March 14, 2011
DiNapoli: 30-Day Amendments Shed Light on Potential Medicaid Savings
Work Remains to Close Projected $10 Billion Gap
The 21-day and 30-day amendments to the Executive Budget proposal provide additional details on how the Governor plans to achieve billions of dollars in previously unspecified savings, according to a report by State Comptroller Thomas P. DiNapoli. However, risks to the Financial Plan associated with proposed savings and gap-closing actions remain.
"The Governor's Executive Budget proposal took welcome steps to remedy the state's longstanding bad habit of spending more money than it takes in," DiNapoli said. "The budget amendments provide additional detail on how savings will be achieved, but work remains to ensure the budget gap can be closed.
"As the budget process moves forward, the Legislature and the Governor must remain committed to addressing the state's structural deficit. Recurring spending must be aligned with recurring revenue, and the budget process should be transparent and completed on time."
DiNapoli's report on the SFY 2011-12 Executive Budget identified significant unspecified savings targets as risks to the Financial Plan. The Medicaid Redesign Team addressed some of this by identifying specific Medicaid reductions in its report. However, some uncertainty persists related to revenue projections, Medicaid caseloads, savings targets and the Legislature's willingness to accept some specified cuts and cede authority over others.
While the original Medicaid savings target for the Medicaid Redesign Team was $2.85 billion, the Division of Budget lowered the target to $2.3 billion based on reduced estimates of state Medicaid spending and an increase in anticipated federal matching funds.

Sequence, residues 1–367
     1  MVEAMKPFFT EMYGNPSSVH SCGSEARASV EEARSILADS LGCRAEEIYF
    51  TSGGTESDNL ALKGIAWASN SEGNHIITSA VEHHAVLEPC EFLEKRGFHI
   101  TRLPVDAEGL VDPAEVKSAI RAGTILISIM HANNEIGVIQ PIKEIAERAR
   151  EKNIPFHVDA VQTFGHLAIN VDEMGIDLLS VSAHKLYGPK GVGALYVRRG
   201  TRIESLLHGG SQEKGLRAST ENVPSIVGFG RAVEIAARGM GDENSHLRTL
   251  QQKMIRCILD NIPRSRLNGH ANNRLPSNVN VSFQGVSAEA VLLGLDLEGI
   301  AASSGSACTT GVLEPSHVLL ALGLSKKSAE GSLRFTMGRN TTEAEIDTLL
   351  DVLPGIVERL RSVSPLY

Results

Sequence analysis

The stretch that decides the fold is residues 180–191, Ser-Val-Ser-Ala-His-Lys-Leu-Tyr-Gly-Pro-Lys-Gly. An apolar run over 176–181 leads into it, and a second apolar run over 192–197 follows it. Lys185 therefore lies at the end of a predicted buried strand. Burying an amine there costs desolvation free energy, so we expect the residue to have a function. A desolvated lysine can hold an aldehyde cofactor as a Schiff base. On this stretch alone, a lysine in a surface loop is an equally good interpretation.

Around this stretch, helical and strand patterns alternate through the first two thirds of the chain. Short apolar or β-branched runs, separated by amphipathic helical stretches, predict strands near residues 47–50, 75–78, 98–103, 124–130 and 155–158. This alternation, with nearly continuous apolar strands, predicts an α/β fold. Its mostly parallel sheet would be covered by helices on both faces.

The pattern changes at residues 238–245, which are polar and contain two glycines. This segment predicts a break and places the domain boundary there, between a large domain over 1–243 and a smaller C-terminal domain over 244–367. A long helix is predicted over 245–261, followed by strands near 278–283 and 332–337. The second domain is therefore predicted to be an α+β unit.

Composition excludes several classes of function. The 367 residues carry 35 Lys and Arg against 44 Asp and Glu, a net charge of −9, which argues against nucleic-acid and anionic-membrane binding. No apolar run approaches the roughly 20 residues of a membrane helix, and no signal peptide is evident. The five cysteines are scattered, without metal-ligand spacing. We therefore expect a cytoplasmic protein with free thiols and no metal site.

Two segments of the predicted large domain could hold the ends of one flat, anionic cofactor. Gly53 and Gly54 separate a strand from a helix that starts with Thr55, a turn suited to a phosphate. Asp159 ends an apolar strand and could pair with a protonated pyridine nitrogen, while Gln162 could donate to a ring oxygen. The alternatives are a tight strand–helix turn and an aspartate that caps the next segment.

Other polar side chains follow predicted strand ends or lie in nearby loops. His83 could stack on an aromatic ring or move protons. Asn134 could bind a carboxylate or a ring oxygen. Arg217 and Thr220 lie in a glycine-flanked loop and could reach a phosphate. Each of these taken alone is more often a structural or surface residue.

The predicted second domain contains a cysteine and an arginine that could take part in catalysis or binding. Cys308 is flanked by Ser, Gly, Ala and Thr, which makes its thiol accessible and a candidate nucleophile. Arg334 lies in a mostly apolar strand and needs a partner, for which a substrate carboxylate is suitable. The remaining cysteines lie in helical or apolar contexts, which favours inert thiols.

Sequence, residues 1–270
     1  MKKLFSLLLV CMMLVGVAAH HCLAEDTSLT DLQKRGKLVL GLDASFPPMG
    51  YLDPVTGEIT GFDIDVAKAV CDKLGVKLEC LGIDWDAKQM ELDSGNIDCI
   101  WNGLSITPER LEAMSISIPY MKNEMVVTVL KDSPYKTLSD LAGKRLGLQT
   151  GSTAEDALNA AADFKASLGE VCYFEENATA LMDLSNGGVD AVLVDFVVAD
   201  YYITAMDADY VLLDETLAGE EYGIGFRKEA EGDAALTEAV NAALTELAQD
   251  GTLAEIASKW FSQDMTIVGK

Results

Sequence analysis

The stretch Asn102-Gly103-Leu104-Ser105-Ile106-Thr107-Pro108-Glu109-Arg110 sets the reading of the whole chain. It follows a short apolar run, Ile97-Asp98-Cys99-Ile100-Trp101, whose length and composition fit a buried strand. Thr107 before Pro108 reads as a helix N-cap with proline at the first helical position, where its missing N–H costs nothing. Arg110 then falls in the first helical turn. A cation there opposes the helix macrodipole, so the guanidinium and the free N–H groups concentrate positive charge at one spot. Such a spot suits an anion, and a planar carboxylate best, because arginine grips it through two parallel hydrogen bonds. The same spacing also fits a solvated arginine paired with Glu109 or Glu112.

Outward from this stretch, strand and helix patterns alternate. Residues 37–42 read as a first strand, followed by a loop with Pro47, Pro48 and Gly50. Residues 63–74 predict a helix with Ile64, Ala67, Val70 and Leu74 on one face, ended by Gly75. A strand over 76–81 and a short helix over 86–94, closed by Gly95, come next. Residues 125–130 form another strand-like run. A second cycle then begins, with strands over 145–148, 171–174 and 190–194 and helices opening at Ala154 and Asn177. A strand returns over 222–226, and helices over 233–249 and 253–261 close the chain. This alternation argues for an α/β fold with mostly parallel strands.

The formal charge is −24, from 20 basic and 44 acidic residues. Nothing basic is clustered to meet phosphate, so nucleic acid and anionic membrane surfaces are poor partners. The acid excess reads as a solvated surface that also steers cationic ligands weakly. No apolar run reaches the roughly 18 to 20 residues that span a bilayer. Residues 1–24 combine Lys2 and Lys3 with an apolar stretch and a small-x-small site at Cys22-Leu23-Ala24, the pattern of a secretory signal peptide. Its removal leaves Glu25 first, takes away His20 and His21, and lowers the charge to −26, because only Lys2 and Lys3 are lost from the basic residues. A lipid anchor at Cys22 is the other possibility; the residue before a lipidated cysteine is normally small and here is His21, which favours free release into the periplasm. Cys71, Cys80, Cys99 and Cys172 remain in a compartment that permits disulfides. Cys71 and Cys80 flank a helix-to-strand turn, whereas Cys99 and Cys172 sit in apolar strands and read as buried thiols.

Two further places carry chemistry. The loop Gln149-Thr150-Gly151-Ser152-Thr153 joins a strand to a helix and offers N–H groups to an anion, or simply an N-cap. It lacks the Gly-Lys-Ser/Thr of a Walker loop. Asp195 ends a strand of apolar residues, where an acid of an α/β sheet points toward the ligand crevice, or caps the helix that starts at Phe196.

The largest single portion of the $2.3 billion in Medicaid savings actions requires the healthcare industry to identify $640 million in as-yet-unspecified savings measures. If the industry does not meet this goal, the state, through a plan developed by the Commissioner of Health in consultation with DOB, is authorized to reduce Medicaid spending as needed.
Approximately 30 percent, or $662 million, of the $2.3 billion in Medicaid savings proposals, has been advanced in the past but not enacted by the Legislature. (Further details on the past proposals the Legislature did not enact can be found in Appendix A of DiNapoli's report).
A significant amount of the Executive Budget's non-Medicaid proposed savings remains largely undefined, including $1.4 billion in state operations savings comprising 10-percent agency reductions, $450 million in workforce savings and $100 million from unspecified facility closures.
To view DiNapoli's report on the 30-day amendments to the Executive Budget, visit:
To view DiNapoli's report on the SFY 2011-12 Executive Budget, visit: http://www.osc.state.ny.us/press/releases/feb11/021511.htm.